WASHINGTON (AFP) – Chinese President Hu Jintao comes face to face with some of his sternest critics in the US Congress on Thursday as he pursues a high-stakes visit to the United States.
Hu was to meet with leaders of the US Congress, a source of frequent ringing attacks on China's rights record and economic policy as well as sharp criticism of its role in nuclear standoffs with Iran and North Korea.
President Barack Obama's pressed Hu to embrace "universal rights" and pushing Beijing to set a "level-playing field" for US firms in China and battle intellectual piracy were unlikely to soothe congressional anger.
But the message from Congress was likely to be less conciliatory.
Historically high US unemployment and an unpopular decade-long Afghan war, coupled with China's economic and military rise, have fed a narrative of US decline and fueled resentments of Beijing among the US public.
The visiting Chinese leader will sit down separately with Republican House Speaker John Boehner -- the third-ranking US elected official -- and Democratic Senate Majority Leader Harry Reid.
Both lawmakers declined Obama's invitation to attend a formal gala dinner in Hu's honor at the White House on Wednesday, saying they planned to holds talks with him the following day.
Republican Senate Minority Leader Mitch McConnell, just back from a trip to Afghanistan and Pakistan, also declined to attend the glitzy affair.
He planned to be in his home state of Kentucky on Thursday, missing Hu entirely.
And Reid raised eyebrows late Tuesday when he told a television interviewer in his home state of Nevada that Hu was "a dictator" -- before quickly regretting the remark.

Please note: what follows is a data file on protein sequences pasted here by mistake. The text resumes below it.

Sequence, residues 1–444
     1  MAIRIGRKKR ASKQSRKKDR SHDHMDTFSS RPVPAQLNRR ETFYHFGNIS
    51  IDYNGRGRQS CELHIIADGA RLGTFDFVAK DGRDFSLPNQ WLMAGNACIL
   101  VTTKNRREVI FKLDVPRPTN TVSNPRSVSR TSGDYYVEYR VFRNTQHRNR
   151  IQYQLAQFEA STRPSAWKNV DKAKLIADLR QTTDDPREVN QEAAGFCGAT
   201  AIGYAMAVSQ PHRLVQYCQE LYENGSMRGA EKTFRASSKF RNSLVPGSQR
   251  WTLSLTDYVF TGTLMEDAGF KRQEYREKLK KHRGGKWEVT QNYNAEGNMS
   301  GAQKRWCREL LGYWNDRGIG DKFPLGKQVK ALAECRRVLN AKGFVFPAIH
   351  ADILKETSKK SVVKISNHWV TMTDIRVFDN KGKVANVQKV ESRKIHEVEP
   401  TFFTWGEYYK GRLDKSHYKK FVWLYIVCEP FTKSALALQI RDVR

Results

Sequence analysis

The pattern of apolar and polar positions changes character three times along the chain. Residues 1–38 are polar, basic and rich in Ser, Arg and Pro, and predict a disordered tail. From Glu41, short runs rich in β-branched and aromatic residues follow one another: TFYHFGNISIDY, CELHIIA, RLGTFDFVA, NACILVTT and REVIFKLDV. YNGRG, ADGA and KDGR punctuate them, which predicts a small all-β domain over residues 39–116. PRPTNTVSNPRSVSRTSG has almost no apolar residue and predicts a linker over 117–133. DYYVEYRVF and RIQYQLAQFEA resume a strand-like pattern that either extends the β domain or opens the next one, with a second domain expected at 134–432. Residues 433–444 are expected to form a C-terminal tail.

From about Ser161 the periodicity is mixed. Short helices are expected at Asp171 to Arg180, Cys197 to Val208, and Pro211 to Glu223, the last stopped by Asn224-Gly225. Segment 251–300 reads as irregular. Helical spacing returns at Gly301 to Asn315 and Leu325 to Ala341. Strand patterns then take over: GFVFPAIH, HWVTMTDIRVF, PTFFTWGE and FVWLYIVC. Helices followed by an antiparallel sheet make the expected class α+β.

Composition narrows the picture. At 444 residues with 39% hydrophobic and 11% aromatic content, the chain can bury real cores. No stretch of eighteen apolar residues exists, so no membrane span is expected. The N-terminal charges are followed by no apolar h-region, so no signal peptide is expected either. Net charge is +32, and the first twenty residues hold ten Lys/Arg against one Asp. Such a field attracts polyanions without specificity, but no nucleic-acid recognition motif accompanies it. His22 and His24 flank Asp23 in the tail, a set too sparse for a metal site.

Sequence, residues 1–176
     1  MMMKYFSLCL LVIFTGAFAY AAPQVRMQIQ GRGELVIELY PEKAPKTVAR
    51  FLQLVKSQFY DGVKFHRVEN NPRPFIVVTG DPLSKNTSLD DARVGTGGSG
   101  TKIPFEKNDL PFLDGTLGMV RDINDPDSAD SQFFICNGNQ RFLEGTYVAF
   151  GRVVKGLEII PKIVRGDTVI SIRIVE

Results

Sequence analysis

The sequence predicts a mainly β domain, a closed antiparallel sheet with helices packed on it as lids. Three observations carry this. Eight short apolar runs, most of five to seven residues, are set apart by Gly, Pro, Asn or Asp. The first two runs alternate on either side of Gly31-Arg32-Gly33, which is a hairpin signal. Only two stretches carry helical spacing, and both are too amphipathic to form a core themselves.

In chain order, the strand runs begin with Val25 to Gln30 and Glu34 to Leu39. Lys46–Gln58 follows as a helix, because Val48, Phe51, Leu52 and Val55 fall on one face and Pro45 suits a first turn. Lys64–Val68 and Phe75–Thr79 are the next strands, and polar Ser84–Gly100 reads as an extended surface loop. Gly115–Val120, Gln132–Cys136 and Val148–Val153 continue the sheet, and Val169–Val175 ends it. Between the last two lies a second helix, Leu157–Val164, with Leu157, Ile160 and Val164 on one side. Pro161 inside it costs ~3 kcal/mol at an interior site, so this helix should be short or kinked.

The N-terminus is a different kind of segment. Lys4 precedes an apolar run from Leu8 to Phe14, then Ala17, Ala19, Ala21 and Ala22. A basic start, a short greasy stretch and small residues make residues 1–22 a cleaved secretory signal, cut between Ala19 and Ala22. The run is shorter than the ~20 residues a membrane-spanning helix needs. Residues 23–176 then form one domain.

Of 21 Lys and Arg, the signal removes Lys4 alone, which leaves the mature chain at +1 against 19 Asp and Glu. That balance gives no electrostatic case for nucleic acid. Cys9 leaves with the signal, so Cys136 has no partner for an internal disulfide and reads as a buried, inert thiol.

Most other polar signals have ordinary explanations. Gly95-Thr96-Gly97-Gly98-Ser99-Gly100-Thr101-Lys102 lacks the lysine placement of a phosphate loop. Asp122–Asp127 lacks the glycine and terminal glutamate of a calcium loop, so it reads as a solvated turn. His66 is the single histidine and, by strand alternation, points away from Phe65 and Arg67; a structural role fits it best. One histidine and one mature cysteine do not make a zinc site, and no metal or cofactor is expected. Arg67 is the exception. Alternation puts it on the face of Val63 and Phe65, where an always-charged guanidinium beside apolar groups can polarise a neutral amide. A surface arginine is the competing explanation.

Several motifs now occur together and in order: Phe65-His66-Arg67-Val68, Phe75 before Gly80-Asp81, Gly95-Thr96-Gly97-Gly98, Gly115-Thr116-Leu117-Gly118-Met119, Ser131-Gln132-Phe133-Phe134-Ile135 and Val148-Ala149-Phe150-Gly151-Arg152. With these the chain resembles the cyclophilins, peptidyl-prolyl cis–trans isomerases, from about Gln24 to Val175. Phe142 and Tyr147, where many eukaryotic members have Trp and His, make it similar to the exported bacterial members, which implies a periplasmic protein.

"I am going to back to Washington and meet with the president of China. He is a dictator. He can do a lot of things through the form of government they have," Reid told KSNV television.
"Maybe I shouldn't have said 'dictator,' but they have a different type of government than we have -- and that is an understatement," said Reid.
House Minority Leader Nancy Pelosi, a frequent, vocal critic of China's rights record, planned to attend the state dinner as well as the bipartisan House leadership meeting on Thursday, her office said.
In a statement she said: "Since the Tiananmen Square massacre in 1989, there has been bipartisan concern in the Congress about the human rights situation in China and Tibet, the support of the Chinese government for rogue states, and China's unfair trade practices, which have ballooned our trade deficit from $5 billion a year to $5 billion a week."
Climate change and clean energy had also become key issues, Pelosi added.
"It is my hope that Chinese President Hu Jintao's visit to the United States is marked by candor and progress on these issues."
House foreign affairs committee chair Ileana Ros-Lehtinen planned to hand Hu a copy of a letter she wrote to Obama urging he not accept "superficial assurances" from Hu on "security, human rights, and economic issues."
"We need to provide leadership that inspires the American people to face the global challenges of a rapidly rising China," Ros-Lehtinen, a Republican, said in the letter, made public by her office.
And 84 lawmakers of both major US parties wrote a letter to Obama pleading with him to make clear that, with historically high unemployment, "America's patience is near an end" with China's alleged unfair competition.
"We can no longer afford to tolerate China's disregard" for international trade rules, said the group, led by Republican Representative Thaddeus McCotter and Democratic Representative Mike Michaud.
Other lawmakers have warned they will introduce legislation to counter what they charge is Beijing's strategy of keeping its currency, and therefore its exports, artificially cheap when compared to their US competition.
Some of their colleagues denounced China over its human rights record, citing Beijing's imprisonment of Nobel Peace Prize winner Liu Xiaobo.
© AFP 2013